The drivers behind the surge in interim management are unlikely to go away any time soon. The Pharmaceutical Price Regulation Scheme, the Electronic Common Technical Document (eCTD), the European Medicines Agency and Eudravigilance are just some of the protocols and agencies making regulatory affairs professionals, clinical research staff, marketing and sales teams and drug safety specialists highly sought after across Europe.

Beyond Europe, competition from the BRIC countries (Brazil, Russia, India and China) is intensifying, 74 major drugs will come 'off patent' between 2007 and 2011 and M&A activity is intensifying.

As the demand for interim managers rises, the practice will become increasingly professionalised. The Institute of Interim Management (IOIM), founded in 2001, now has over 200 members and is working to establish accreditation standards, a code of conduct, continuing professional development (CPD) and best practice for interim managers.

Over 40 skills are listed under the IOIM CPD programme, some generally applicable to management and some specific to interim work. Included are 'hot topics', aimed at keeping interims up to date with the latest regulatory and managerial practices, and key management and behaviour skills necessary to be a good interim manager.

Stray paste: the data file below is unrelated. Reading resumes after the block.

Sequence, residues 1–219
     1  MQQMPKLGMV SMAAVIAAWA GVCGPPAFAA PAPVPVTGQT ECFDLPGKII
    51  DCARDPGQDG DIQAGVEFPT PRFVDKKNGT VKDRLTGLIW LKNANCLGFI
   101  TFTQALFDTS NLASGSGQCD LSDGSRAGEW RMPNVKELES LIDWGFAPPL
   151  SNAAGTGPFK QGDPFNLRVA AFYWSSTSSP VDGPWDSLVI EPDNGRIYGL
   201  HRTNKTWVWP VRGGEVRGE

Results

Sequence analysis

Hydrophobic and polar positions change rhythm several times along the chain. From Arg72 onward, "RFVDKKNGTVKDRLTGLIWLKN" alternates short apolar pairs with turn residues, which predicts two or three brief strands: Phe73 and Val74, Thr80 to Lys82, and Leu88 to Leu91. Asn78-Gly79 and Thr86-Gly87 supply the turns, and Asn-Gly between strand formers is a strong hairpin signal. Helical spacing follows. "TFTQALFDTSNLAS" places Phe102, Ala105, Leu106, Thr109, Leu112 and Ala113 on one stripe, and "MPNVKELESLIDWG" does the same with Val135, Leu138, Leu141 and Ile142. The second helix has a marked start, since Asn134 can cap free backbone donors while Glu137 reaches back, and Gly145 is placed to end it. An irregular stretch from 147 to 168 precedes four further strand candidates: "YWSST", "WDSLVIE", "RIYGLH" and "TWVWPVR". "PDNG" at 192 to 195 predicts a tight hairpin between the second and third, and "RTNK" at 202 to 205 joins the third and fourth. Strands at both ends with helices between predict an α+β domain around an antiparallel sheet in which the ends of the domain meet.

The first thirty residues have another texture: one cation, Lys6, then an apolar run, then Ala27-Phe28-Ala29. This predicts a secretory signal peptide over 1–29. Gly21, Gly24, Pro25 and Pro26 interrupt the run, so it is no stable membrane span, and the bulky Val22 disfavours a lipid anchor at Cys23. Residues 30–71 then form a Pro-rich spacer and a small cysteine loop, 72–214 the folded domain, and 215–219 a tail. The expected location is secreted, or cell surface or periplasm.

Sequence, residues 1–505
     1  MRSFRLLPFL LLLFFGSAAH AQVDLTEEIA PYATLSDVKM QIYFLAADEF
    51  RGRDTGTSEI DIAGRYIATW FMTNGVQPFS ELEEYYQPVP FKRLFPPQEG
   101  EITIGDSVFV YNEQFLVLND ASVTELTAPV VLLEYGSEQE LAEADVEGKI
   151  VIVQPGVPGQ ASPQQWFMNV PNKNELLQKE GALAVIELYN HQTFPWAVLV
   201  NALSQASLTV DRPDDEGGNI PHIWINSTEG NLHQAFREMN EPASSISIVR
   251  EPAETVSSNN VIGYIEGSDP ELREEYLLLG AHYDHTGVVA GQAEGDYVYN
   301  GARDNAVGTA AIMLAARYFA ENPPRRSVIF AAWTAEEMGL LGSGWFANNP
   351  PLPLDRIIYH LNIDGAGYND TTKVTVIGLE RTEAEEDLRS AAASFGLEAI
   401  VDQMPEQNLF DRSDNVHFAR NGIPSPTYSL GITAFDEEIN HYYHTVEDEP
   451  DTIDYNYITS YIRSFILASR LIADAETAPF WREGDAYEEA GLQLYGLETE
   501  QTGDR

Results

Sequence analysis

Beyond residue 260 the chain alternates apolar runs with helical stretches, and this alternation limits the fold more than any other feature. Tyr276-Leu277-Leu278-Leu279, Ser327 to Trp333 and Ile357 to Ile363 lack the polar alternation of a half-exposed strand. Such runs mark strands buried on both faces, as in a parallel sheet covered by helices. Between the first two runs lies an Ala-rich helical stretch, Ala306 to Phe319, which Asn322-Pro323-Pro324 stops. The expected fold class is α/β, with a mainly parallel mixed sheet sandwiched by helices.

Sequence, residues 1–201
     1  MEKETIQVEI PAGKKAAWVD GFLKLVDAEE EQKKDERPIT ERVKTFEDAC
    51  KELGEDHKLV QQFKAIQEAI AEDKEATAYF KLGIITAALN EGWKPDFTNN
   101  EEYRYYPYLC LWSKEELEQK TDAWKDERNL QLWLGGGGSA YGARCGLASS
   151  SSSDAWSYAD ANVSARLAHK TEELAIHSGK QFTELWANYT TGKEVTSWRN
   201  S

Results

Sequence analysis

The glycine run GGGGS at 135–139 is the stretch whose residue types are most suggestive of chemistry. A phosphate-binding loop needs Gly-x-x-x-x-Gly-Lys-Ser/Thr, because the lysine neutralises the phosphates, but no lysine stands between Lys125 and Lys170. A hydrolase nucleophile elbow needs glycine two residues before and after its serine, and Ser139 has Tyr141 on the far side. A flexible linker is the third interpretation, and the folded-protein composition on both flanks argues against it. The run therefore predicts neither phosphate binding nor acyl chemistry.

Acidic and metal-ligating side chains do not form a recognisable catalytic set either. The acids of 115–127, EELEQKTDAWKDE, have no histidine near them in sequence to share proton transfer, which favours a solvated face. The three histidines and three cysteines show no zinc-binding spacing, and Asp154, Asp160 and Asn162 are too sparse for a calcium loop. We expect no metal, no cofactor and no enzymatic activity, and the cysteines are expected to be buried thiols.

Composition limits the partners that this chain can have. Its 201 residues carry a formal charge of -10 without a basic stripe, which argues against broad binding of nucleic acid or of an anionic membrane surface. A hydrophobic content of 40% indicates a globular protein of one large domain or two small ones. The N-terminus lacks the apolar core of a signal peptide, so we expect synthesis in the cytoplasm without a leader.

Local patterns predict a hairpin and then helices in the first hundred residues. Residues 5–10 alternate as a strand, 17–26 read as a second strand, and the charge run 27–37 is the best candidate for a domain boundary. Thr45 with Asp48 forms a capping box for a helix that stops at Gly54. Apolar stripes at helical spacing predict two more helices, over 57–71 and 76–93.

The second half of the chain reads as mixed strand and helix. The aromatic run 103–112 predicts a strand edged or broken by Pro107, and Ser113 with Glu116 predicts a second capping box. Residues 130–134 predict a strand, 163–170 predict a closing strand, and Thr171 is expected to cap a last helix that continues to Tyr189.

If UK and European pharmaceutical, biotech and clinical research companies are to survive, they need to build in flexibility and adaptability. The use of interim managers enables them to move quickly into new strategic areas and activities, and the nature of the interim contract removes the employment restraints and concerns associated with a permanent employee.

The ability of an interim manager to be deployed at short notice for an intense period and not be tied up in corporate politics means companies will increasingly rely on interims to help them respond quickly to sudden market shifts or internal changes.

Flexible resourcing models are now recognised as an essential component of the 21st century employment market, and when it comes down to survival of the fittest, interim managers are definitely part of the solution.

Box: Interim management - the benefits for a company

* Specific expertise when you need it

* Flexible, adaptable, hands-on

* Objective, impartial

* Easy entry and exit

* Cost effective

* Can train permanent staff

* Can be found at short notice

Box: Interim management - the attributes required

* Able to hit the ground running

* Self-motivated - keeps on top of industry change

* Adaptable - can work in different environments and cultures

* Hands on and quick to integrate

* Adds value by sharing new skills

* Well organised - running your own business means a lot of paperwork

Tarquin Bennett-Coles is director of RSA Interims. For more information please email tarquin.bennett-coles@thersagroup.com or visit www.thersagroup.com